BIRD’S EYE VIEW
Air Scoop - July 2006
Open Skies Agreement: New Markets for LCCs?
Bosnia and Herzegovina, Bulgaria, Croatia, Iceland, Mace-donia, Norway and Romania have signed the 9th of Junethe agreement on the
European Common Aviation Area (ECAA)
at a ceremony in Luxembourg. Thus they join theSingle European Sky of the EU member states under speci-ﬁc conditions for each country. This agreement still needsto be ratiﬁed by national parliaments.“The creation of the
will put impetus on the po-litical and economic integration of Europe, for which airtransport plays a key role. The agreement will open upmarket opportunities for the aviation industry and givepeople better travel options” said
, EUTransport Commissioner.Egypt also agreed to consider an ‘open skies’ policy to allowforeign airlines greater access to the Arab world’s largesttourism market. The main issue in these open-skies ne-gotiations will concern Cairo. Indeed, Cairo is the hub of national carrier
and is not freely accessible forforeign carriers.
Do you believe that consolidation of the market will lead to 2-3 main LCCs in Europe, or do you think there will always be many LCCs on niche markets?
I do not think that consolidation willresult in only 2 or 3 large low-cost air-lines. There are more variations among the low-cost carriers than among thetraditional airlines. This variation hasdeveloped out of a need for differentconcepts in different markets. Therewill always be a need for various ni-ches. A niche carrier can however ne-ver expect to grow large because thenit no longer serves a niche.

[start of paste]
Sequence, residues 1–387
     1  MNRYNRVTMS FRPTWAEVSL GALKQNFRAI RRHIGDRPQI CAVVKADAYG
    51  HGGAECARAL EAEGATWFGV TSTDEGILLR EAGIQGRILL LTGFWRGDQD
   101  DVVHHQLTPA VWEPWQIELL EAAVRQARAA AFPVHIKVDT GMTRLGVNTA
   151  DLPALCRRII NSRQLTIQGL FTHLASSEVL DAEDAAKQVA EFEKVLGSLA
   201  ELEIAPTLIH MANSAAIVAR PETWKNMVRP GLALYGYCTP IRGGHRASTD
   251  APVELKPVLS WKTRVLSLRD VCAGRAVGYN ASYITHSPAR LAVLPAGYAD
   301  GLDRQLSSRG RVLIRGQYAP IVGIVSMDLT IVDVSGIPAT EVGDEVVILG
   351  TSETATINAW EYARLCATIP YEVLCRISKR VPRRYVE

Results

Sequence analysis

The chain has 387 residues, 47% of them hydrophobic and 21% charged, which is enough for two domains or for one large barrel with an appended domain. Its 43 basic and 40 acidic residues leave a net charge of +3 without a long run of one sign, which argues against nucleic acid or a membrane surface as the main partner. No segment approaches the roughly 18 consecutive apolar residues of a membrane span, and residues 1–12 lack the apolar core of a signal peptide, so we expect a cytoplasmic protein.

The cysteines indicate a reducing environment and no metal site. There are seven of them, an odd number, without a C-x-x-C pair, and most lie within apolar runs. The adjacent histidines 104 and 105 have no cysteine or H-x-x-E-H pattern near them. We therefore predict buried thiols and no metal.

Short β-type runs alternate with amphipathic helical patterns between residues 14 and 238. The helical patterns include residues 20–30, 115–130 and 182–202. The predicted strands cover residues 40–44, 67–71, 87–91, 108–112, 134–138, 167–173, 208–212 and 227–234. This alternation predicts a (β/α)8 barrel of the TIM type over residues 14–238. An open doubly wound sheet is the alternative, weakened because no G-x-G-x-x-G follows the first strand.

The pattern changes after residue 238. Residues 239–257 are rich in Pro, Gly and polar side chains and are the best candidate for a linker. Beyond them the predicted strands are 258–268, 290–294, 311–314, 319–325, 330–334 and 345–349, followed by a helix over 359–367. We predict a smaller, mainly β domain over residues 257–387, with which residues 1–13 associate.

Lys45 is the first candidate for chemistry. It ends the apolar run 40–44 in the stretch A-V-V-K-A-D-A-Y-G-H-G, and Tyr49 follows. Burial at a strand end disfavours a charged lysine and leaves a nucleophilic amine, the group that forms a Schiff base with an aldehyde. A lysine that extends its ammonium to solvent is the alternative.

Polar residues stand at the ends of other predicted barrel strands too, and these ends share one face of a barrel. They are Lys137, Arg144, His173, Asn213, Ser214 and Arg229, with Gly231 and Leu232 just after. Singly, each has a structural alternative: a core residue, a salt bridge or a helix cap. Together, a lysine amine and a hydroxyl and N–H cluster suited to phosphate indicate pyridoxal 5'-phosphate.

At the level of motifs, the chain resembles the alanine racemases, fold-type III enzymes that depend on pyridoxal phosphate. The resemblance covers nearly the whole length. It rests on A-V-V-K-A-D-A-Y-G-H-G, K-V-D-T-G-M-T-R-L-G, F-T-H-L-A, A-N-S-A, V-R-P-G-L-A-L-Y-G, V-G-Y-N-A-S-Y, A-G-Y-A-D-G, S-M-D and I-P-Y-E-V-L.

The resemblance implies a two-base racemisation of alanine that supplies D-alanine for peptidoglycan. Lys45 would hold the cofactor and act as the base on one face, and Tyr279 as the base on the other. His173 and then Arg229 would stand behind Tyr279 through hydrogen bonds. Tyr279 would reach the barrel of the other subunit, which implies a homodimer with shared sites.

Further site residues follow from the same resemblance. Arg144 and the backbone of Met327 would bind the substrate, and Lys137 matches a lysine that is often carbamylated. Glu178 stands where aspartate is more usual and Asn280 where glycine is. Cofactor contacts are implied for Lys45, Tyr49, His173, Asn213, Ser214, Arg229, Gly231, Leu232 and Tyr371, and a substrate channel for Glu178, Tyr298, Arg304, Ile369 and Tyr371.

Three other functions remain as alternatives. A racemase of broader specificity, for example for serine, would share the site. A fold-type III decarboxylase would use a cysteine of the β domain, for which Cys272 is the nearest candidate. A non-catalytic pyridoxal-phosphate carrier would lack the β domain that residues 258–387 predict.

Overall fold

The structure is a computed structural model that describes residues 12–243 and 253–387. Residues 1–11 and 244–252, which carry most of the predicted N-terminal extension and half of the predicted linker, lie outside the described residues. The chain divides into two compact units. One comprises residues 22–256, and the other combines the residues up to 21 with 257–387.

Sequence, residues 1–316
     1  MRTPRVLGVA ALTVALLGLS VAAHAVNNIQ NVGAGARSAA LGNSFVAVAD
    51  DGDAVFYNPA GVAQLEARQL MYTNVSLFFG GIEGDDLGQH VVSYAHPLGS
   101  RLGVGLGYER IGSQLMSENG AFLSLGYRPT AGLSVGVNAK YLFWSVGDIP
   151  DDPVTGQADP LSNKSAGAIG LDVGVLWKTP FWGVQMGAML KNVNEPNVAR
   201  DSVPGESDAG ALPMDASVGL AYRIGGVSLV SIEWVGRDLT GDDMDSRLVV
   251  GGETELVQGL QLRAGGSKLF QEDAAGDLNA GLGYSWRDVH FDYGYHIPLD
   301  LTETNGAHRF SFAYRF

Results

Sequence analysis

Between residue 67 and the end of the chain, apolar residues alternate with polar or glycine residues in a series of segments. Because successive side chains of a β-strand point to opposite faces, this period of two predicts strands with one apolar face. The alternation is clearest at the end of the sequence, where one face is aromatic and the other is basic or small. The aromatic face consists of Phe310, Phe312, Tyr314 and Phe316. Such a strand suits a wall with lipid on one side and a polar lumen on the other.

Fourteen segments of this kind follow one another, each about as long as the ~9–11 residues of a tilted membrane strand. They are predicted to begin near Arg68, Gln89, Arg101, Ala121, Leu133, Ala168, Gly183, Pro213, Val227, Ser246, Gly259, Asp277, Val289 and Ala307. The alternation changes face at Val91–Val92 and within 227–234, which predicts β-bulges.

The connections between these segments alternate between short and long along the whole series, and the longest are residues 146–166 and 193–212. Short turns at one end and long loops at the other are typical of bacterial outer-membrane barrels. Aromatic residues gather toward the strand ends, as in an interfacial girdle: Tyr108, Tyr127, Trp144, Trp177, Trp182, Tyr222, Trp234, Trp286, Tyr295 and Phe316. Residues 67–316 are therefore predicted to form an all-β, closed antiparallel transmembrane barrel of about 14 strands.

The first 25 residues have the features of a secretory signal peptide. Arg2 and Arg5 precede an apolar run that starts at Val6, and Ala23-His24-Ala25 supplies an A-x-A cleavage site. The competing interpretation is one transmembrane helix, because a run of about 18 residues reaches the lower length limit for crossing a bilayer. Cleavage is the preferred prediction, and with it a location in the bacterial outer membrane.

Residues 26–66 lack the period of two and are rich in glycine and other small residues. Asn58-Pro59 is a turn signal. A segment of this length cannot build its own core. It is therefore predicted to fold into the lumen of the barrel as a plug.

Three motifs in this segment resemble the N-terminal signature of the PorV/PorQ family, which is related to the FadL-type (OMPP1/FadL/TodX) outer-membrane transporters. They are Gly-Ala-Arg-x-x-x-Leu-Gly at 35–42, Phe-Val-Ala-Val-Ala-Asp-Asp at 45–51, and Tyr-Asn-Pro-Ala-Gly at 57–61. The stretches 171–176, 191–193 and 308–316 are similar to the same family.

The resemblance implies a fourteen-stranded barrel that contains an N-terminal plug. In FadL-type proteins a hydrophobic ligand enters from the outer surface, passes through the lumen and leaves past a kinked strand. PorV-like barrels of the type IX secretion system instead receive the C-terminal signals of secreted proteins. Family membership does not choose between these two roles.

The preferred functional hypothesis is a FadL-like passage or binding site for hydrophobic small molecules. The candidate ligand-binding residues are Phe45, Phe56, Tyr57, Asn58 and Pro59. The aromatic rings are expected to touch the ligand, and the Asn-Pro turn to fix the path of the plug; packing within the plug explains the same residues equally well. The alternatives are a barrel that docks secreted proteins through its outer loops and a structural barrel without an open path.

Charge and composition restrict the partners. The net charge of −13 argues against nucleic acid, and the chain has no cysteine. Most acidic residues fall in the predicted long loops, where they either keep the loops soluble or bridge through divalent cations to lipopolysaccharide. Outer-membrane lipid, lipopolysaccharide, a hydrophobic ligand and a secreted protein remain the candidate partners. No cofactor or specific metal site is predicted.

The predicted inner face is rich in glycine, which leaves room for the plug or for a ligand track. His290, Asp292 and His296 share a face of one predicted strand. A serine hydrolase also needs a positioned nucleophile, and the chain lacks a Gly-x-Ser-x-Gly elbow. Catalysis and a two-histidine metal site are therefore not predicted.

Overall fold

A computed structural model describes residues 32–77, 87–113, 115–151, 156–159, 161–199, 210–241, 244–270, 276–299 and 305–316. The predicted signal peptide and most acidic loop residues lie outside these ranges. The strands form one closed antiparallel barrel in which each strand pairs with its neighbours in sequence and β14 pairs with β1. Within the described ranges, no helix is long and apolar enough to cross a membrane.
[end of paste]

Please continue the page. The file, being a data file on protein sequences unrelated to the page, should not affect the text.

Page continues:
Are you worried about the shortage of pilots and crew hitting LCC mar- ket?
I am not worried but one must all thetime keep an eye on the situation. Themarket for pilots is very much a localmatter. Pilots are people with homesand family and not members of a hi-ghly mobile workforce. A well-run air-line should be an attractive employer.If you stick to one aircraft type andoffer a good and rewarding working environment you should have a betterchance to recruit and maintain a goodpilot workforce.
What are the options for FlyNordic to transform its business model in or- der to make more costs savings?
We are pretty close to have exploredmost of the cost saving areas. Thereare naturally some savings to be gainedregarding service providers. Our ownorganization is as small and effective asit can ever be. If we can maintain ourcost structure but increase our earning potential through customer orientedand innovative product features, weshould be doing OK.
Low Cost Market Share – Monthly Frequencies (June 2006)To/From Germany (in percentage)
Source : OAG MAX
Munich or Nuremberg as 5thGermanwings base?
is currently looking forits 5th base in Germany, and another oneoutside the country. Catchment area isimportant to set a base, smaller airportsare then commercially not viable to sus-tain a base of ﬁve aircraft as targeted by
.Few rumors are, as usual, ongoing aboutpotentially airports:
Munich Internatio- nal Airport
arethe most recurrent options.Munich appears most expensive, but Nu-remberg has already a strong presence of
, even if it is not a base. Setting a base in Nuremberg could be the oppor-tunity to attack its core market, but tillnow
, CEO Nuremberg Airport, has always rejected proposals from
. Fur-thermore, a recent statistics indicated that only 10 % of ﬂights out of Nuremberg were true LCCs while other Germanairports, including Munich, have between 17 and 25 %.Even if a
base is scheduled in Munich (
might try to avoid competition between its two LCCs), Mu-nich Airport should be favorite to become the 5th